Are Élite Colleges Bad for the Soul? | New Yorker

Learning is supposed to be about falling down and getting up again until you do it right. But, in an academic culture that demands constant achievement, failures seem so perilous that the best and the brightest often spend their young years in terrariums of excellence. The result is what Deresiewicz calls “a violent aversion to risk.” Even after graduation, élite students show a taste for track-based, well-paid industries like finance and consulting (which in 2010 together claimed more than a third of the jobs taken by the graduating classes of Harvard, Cornell, and Princeton). And no wonder. A striver can “get into” Goldman Sachs the way that she got into Harvard. There is no résumé submission or recruiting booth if you want to make a career as a novelist.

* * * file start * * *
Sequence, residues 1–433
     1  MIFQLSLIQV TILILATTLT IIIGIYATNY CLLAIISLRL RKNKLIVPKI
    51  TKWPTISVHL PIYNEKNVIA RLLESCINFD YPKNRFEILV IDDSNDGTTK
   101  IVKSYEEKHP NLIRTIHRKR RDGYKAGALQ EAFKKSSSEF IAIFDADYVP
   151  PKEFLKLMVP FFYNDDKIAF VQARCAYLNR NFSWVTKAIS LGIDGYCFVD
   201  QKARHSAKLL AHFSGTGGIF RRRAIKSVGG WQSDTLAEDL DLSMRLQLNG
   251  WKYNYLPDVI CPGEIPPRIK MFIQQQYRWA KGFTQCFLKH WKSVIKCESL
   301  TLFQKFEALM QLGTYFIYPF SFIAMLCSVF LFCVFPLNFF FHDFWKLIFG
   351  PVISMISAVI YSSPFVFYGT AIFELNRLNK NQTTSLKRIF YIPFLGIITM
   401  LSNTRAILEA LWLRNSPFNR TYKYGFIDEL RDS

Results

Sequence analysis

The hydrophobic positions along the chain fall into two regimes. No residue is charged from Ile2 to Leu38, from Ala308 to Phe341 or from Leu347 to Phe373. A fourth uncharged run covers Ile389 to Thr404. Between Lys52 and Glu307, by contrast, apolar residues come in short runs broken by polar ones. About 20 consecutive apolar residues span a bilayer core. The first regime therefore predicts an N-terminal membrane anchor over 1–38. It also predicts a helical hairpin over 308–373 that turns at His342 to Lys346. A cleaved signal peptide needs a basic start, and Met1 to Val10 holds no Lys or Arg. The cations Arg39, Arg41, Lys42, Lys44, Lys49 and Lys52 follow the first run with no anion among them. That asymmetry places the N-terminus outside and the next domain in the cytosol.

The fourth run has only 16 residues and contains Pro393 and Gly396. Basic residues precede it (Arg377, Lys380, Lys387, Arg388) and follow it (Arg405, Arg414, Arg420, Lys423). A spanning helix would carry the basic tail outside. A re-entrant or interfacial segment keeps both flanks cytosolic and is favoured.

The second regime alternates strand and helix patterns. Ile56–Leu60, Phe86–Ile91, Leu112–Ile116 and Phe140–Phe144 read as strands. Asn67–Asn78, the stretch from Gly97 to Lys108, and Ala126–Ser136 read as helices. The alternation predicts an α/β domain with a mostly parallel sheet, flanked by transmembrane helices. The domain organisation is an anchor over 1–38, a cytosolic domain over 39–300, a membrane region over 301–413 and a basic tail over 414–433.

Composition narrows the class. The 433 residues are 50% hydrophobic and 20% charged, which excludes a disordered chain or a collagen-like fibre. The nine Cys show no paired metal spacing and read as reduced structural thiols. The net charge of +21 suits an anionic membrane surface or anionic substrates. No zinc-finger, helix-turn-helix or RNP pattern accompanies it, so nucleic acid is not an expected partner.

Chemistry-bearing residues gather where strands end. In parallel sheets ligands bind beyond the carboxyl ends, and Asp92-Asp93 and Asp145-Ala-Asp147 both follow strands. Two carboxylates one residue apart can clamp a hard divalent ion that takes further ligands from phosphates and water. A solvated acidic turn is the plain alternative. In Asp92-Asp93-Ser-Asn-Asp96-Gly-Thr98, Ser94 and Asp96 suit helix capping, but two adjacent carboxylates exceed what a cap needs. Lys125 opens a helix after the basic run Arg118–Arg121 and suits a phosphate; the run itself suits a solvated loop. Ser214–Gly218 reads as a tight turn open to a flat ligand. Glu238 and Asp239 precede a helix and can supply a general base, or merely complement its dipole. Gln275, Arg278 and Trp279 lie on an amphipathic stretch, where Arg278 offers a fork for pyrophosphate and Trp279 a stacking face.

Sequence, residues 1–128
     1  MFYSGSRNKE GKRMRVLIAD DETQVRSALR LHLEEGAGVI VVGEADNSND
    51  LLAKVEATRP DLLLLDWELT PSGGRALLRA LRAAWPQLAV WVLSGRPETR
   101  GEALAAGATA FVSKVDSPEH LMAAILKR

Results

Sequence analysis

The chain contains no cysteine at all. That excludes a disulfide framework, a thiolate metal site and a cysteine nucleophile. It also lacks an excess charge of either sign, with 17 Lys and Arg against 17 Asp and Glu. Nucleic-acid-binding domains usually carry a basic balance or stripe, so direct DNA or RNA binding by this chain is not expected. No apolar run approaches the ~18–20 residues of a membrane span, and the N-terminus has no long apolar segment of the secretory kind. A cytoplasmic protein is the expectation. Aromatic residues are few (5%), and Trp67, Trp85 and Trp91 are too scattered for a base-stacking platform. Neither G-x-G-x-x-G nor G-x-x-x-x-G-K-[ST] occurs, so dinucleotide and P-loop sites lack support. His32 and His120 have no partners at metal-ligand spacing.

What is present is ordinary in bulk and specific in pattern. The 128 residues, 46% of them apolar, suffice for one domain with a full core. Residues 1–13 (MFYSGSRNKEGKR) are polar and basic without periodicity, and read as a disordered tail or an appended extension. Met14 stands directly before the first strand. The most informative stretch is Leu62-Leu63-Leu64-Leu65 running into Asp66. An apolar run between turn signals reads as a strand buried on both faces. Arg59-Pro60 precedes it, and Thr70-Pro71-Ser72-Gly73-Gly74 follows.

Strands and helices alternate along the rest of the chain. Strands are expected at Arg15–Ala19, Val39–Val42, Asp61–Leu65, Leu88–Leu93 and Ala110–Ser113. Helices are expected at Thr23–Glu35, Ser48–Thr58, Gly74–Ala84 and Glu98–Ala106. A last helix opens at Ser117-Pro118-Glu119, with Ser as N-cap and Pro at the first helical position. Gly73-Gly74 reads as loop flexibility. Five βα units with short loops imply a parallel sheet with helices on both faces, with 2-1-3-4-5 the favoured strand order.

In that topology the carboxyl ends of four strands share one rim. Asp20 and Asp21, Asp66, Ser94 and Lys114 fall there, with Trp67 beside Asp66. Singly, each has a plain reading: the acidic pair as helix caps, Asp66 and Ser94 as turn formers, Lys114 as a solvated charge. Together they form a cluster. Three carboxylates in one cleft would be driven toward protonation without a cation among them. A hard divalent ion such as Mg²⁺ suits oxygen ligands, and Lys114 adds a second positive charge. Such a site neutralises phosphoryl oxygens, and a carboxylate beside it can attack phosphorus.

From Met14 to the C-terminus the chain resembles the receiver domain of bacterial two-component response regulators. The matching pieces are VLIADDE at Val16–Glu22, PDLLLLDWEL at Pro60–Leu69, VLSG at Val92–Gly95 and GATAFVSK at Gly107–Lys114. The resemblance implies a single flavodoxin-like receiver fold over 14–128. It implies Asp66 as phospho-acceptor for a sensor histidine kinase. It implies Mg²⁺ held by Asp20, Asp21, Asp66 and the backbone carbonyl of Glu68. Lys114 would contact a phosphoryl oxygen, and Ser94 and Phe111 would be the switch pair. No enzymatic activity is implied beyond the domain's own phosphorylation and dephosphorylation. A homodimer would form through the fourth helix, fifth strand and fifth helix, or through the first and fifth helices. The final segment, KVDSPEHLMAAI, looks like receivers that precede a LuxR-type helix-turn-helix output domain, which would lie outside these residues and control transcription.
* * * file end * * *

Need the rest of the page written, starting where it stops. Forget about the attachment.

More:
Reading for self-recognition is the default factory setting in most people’s minds. It is precisely the approach to literature that you don’t need to attend college to learn.

People had a tendency to want too much from a college degree, Nisbet warned:

Far more deadly to the character of the university than its exploitation in economic terms is its exploitation in psychological terms. That is, cultivation of the pernicious idea that by sending young people to universities one is teaching them to be human beings, to become citizens, to become leaders, or to find peace of mind, individuality, liberal arts, “soul,” or whatever may be in the public mind at the moment.

In other words: we’re here to tell you everything you should know about Chaucer, not to fix your life.

A chief terror of higher education for a lot of students isn’t the exams, or the term papers, or even the terribly narrow but weirdly long bunk beds. It is the choice involved in working through an uncharted terrain whose potential is reported to be limitless. That task is a microcosm of life.